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1.
Chron Respir Dis ; 19: 14799731211069391, 2022.
Article in English | MEDLINE | ID: covidwho-1613200

ABSTRACT

Survivors of COVID-19 can present with varied and persisting symptoms, regardless of hospitalisation. We describe the ongoing symptoms, quality of life and return to work status in a cohort of non-hospitalised COVID-19 survivors with persisting respiratory symptoms presenting to clinic, who consented and completed patient-reported outcome measures. We identified fatigue, reduced quality of life and dysregulated breathing alongside the breathlessness. Those with co-existent fatigue had worse mood and quality of life and were less likely to have returned to normal working arrangements compared to those without fatigue. For non-hospitalised people with persisting symptoms following COVID-19 referred to a respiratory assessment clinic, there was a need for a wider holistic assessment, including return to work strategies.


Subject(s)
COVID-19 , Cohort Studies , Humans , Quality of Life , SARS-CoV-2 , Survivors
2.
BMJ Open Respir Res ; 8(1)2021 09.
Article in English | MEDLINE | ID: covidwho-1438096

ABSTRACT

INTRODUCTION: The COVID-19 pandemic has led to over 100 million cases worldwide. The UK has had over 4 million cases, 400 000 hospital admissions and 100 000 deaths. Many patients with COVID-19 suffer long-term symptoms, predominantly breathlessness and fatigue whether hospitalised or not. Early data suggest potentially severe long-term consequence of COVID-19 is development of long COVID-19-related interstitial lung disease (LC-ILD). METHODS AND ANALYSIS: The UK Interstitial Lung Disease Consortium (UKILD) will undertake longitudinal observational studies of patients with suspected ILD following COVID-19. The primary objective is to determine ILD prevalence at 12 months following infection and whether clinically severe infection correlates with severity of ILD. Secondary objectives will determine the clinical, genetic, epigenetic and biochemical factors that determine the trajectory of recovery or progression of ILD. Data will be obtained through linkage to the Post-Hospitalisation COVID platform study and community studies. Additional substudies will conduct deep phenotyping. The Xenon MRI investigation of Alveolar dysfunction Substudy will conduct longitudinal xenon alveolar gas transfer and proton perfusion MRI. The POST COVID-19 interstitial lung DiseasE substudy will conduct clinically indicated bronchoalveolar lavage with matched whole blood sampling. Assessments include exploratory single cell RNA and lung microbiomics analysis, gene expression and epigenetic assessment. ETHICS AND DISSEMINATION: All contributing studies have been granted appropriate ethical approvals. Results from this study will be disseminated through peer-reviewed journals. CONCLUSION: This study will ensure the extent and consequences of LC-ILD are established and enable strategies to mitigate progression of LC-ILD.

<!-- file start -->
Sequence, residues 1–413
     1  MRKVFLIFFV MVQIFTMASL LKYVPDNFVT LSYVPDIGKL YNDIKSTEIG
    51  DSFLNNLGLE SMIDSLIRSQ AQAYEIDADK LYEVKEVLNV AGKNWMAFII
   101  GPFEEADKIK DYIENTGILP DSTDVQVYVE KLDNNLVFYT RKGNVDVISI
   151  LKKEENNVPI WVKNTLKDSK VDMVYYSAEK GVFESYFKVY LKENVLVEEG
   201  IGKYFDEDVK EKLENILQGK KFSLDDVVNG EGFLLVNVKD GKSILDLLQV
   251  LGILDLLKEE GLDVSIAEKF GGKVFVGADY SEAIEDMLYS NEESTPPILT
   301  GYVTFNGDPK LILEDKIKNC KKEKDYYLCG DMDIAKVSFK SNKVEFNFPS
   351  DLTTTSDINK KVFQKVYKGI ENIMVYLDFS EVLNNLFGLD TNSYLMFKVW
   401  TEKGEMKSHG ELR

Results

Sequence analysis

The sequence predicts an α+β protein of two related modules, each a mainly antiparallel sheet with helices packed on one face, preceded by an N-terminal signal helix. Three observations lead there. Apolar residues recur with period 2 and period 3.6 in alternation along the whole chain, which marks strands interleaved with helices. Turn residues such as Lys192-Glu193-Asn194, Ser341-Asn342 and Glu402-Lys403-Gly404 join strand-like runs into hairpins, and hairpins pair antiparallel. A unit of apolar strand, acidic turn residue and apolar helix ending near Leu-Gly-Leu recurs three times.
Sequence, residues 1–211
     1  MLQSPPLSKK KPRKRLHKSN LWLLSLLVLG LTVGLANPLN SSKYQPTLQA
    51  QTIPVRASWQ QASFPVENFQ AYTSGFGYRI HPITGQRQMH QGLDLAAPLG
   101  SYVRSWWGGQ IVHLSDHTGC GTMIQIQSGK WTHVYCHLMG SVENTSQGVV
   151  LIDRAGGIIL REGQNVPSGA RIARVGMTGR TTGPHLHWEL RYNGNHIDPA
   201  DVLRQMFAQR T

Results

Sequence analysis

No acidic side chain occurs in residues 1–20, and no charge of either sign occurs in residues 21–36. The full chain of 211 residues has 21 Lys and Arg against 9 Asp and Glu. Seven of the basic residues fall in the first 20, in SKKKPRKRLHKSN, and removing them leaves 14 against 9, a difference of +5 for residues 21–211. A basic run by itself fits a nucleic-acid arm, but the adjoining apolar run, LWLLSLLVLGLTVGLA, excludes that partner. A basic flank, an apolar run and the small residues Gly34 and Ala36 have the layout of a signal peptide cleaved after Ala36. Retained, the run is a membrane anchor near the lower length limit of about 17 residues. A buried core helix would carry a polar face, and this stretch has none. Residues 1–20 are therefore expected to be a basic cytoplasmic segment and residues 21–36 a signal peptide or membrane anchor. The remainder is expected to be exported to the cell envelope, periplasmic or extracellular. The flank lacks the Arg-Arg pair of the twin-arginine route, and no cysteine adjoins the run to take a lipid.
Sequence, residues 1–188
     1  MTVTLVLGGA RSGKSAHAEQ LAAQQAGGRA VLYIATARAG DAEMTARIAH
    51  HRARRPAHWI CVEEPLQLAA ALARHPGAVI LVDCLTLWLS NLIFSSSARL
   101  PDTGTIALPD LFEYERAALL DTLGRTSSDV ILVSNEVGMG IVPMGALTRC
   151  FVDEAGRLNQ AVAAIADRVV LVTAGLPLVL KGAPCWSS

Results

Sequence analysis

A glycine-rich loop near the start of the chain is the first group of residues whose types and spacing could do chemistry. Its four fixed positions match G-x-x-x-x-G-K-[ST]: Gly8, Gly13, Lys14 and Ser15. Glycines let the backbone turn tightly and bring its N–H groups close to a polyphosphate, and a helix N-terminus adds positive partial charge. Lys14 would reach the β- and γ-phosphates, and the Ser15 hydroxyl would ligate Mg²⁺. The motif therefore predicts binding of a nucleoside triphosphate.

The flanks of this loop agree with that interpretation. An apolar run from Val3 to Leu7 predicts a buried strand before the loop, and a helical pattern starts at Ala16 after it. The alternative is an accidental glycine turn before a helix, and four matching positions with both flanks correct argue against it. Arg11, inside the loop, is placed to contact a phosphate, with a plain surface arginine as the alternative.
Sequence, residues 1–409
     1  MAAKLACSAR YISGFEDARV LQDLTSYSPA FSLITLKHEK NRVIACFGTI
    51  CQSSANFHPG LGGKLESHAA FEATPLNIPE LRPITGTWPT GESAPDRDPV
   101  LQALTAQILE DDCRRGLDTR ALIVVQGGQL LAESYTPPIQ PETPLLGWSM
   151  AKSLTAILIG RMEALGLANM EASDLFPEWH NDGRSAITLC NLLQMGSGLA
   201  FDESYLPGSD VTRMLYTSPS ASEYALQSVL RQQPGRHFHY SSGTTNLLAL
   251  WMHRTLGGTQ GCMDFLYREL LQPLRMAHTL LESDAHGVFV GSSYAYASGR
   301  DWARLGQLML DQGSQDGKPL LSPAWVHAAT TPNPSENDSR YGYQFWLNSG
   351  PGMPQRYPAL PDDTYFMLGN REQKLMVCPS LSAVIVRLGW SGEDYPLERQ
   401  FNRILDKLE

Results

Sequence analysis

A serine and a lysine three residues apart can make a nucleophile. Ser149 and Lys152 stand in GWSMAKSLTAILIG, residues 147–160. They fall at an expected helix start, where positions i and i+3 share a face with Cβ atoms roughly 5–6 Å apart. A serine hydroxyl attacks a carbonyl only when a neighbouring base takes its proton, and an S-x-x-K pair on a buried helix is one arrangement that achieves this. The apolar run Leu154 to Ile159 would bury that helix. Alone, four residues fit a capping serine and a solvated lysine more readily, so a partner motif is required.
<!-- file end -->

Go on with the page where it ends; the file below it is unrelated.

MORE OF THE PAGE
Subject(s)
COVID-19/complications , Lung Diseases, Interstitial , Humans , Longitudinal Studies , Lung Diseases, Interstitial/epidemiology , Observational Studies as Topic , Pandemics , Prospective Studies , United Kingdom/epidemiology
3.
EClinicalMedicine ; 34: 100831, 2021 Apr.
Article in English | MEDLINE | ID: covidwho-1184949

ABSTRACT

BACKGROUND: Infection with severe acute respiratory syndrome coronavirus 2 (SARS-CoV-2) in children is associated with better outcomes than in adults. The inflammatory response to COVID-19 infection in children remains poorly characterised. METHODS: We retrospectively analysed the medical records of 127 laboratory-confirmed COVID-19 patients aged 1 month to 16 years from Wuhan and Jingzhou of Hubei Province. Patients presented between January 25th and March 24th 2020. Information on clinical features, laboratory results, plasma cytokines/chemokines and lymphocyte subsets were analysed. FINDINGS: Children admitted to hospital with COVID-19 were more likely to be male (67.7%) and the median age was 7.3 [IQR 4.9] years. All but one patient with severe disease was aged under 2 and the majority (5/7) had significant co-morbidities. Despite 53% having viral pneumonia on computed tomography (CT) scanning only 2 patients had low lymphocyte counts and no differences were observed in the levels of plasma proinflammatory cytokines, including interleukin (IL)-2, IL-4, IL-6, tumour necrosis factor (TNF)- α , and interferon (IFN)- γ between patients with mild, moderate or severe disease. INTERPRETATIONS: We observed that the immune responses of children to COVID-19 infection is significantly different from that seen in adults. Our evidence suggests that SARS-CoV-2 does not trigger a robust inflammatory response or 'cytokine storm' in children with COVID-19, and this may underlie the generally better outcomes seen in children with this disease.

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